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Exploiting Programmable Network Interfaces for Parallel Query Execution in Workstation Clusters

Proceedings of the International Parallel & Distributed Processing Symposium (IPDPS 06)
Rhodes Island, Greece, April 2006


  1. V. Santhosh Kumar, Supercomputer Education and Research Centre
  2. M. J. Thazhuthaveetil, Supercomputer Education and Research Centre; Department of Computer Science and Automation
  3. R. Govindarajan, Supercomputer Education and Research Centre; Department of Computer Science and Automation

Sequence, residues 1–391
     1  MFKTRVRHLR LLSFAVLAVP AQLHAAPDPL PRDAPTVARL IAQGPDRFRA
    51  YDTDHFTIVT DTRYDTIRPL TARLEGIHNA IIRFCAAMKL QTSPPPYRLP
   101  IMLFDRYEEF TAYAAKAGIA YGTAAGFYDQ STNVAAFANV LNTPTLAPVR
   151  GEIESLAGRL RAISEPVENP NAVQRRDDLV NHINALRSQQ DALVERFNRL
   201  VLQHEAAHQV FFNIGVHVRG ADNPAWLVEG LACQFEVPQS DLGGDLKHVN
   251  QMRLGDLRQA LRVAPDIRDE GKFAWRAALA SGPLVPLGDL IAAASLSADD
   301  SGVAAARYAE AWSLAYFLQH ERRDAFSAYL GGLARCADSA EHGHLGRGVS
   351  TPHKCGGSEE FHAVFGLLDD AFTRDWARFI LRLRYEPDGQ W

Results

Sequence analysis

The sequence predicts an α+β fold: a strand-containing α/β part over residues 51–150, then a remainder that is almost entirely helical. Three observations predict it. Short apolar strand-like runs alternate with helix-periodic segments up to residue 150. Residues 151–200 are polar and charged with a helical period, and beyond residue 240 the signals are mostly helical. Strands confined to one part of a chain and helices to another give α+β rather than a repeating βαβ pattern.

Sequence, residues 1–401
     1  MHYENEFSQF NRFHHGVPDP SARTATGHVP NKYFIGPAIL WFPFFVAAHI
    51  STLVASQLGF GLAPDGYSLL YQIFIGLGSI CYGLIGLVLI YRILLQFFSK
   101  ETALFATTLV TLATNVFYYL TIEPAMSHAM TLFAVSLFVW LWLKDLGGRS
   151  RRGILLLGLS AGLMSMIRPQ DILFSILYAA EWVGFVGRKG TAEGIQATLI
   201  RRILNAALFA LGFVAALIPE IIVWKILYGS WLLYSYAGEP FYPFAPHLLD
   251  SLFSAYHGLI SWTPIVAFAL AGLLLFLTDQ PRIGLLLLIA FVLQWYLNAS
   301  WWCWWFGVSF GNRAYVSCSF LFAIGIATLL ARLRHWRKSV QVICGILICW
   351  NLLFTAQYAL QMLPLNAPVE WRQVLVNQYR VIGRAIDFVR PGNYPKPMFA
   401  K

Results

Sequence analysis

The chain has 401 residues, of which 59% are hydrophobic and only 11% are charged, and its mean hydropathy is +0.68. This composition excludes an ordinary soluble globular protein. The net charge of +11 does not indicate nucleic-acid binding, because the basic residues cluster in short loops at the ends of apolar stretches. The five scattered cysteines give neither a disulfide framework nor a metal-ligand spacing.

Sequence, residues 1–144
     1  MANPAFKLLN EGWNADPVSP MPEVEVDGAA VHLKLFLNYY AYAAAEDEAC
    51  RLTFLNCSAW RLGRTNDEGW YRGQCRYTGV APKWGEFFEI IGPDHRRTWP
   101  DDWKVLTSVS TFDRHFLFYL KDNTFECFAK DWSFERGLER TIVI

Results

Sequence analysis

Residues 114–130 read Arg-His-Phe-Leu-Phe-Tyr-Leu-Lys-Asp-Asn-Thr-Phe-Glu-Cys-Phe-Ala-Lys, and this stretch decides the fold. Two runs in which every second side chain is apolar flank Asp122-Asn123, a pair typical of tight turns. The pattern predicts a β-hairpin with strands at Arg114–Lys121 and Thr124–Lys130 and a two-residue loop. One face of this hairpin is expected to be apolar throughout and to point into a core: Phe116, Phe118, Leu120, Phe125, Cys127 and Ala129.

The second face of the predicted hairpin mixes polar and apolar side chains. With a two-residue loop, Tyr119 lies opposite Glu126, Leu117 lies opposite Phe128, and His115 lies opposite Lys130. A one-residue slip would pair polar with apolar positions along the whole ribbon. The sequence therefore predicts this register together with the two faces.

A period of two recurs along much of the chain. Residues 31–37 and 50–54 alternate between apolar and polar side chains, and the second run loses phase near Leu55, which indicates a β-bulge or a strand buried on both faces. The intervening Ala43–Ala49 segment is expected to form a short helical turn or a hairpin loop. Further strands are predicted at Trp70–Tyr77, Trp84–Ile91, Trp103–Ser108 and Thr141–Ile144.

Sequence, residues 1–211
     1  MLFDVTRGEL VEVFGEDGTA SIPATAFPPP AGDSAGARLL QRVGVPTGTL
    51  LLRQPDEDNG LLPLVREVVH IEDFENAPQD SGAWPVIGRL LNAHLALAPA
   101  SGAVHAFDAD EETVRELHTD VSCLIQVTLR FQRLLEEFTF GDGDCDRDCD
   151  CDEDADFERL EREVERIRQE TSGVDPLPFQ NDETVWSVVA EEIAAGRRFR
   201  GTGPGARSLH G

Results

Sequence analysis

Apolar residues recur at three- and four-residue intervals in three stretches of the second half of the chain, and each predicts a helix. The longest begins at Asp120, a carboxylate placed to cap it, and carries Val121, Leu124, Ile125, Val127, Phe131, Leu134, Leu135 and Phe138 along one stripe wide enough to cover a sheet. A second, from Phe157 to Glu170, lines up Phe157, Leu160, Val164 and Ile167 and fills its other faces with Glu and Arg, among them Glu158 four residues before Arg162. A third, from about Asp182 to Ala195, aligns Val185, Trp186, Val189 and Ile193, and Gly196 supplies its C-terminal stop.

Workstation clusters equipped with high performance interconnect having programmable network processors facilitate interesting opportunities to enhance the performance of parallel application run on them. In this paper, we propose schemes where certain application level processing in parallel database query execution is performed on the network processor. We evaluate the performance of TPC-H queries executing on a high end cluster where all tuple processing is done on the host processor, using a timed Petri net model, and find that tuple processing costs on the host processor dominate the execution time. These results are validated using a small cluster. We therefore propose 4 schemes where certain tuple processing activity is offloaded to the network processor. The first 2 schemes offload the tuple splitting activity -- computation to identify the node on which to process the tuples, resulting in an execution time speedup of 1.09 relative to the base scheme, but with I/O bus becoming the bottleneck resource. In the 3rd scheme in addition to offloading tuple processing activity, the disk and network interface are combined to avoid the I/O bus bottleneck, which results in speedups upto 1.16, but with high host processor utilization. Our 4th scheme where the network processor also performs a part of join operation along with the host processor, gives a speedup of 1.47 along with balanced system resource utilizations. Further we observe that the proposed schemes perform equally well even in a scaled architecture i.e., when the number of processors is increased from 2 to 64.


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